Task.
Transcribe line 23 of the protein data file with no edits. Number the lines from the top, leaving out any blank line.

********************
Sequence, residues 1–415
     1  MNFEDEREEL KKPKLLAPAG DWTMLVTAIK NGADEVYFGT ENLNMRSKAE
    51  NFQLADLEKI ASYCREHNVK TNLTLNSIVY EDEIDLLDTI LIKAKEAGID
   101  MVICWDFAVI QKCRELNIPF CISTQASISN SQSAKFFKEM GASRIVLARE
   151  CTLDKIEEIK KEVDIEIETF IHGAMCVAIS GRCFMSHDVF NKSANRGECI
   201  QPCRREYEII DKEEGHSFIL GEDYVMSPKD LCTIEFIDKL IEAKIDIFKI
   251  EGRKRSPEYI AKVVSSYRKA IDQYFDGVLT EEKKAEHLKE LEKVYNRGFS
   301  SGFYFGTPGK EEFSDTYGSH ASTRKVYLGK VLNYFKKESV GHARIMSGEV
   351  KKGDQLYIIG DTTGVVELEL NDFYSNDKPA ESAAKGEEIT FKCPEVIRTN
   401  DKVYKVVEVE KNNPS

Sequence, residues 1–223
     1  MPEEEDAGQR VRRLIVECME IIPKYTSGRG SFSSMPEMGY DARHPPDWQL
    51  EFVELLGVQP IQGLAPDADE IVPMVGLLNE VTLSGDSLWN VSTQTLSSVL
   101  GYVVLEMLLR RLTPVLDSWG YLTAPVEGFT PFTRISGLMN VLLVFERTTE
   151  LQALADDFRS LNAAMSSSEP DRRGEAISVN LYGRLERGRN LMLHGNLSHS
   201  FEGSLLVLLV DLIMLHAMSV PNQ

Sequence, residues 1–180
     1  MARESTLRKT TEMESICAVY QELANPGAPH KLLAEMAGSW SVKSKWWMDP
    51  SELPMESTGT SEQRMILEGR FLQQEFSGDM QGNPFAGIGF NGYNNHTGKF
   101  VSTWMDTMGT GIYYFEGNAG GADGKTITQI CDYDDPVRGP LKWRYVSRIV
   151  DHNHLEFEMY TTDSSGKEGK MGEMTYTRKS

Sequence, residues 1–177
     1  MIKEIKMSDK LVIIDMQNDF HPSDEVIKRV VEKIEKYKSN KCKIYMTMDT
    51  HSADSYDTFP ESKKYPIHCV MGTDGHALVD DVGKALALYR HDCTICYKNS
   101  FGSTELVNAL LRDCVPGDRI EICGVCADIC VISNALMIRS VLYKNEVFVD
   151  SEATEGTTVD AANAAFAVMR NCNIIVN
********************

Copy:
     1  MIKEIKMSDK LVIIDMQNDF HPSDEVIKRV VEKIEKYKSN KCKIYMTMDT